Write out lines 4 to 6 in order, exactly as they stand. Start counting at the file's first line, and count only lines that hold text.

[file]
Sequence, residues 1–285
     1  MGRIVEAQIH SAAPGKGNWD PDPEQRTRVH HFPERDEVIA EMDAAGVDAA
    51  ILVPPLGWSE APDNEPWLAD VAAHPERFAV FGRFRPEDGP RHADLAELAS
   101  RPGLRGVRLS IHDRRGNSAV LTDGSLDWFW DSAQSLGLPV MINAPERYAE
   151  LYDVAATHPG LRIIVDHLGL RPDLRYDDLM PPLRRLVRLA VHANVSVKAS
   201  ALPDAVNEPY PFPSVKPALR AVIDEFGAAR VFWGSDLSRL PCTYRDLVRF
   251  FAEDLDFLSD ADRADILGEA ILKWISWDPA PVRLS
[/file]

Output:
   101  RPGLRGVRLS IHDRRGNSAV LTDGSLDWFW DSAQSLGLPV MINAPERYAE
   151  LYDVAATHPG LRIIVDHLGL RPDLRYDDLM PPLRRLVRLA VHANVSVKAS
   201  ALPDAVNEPY PFPSVKPALR AVIDEFGAAR VFWGSDLSRL PCTYRDLVRF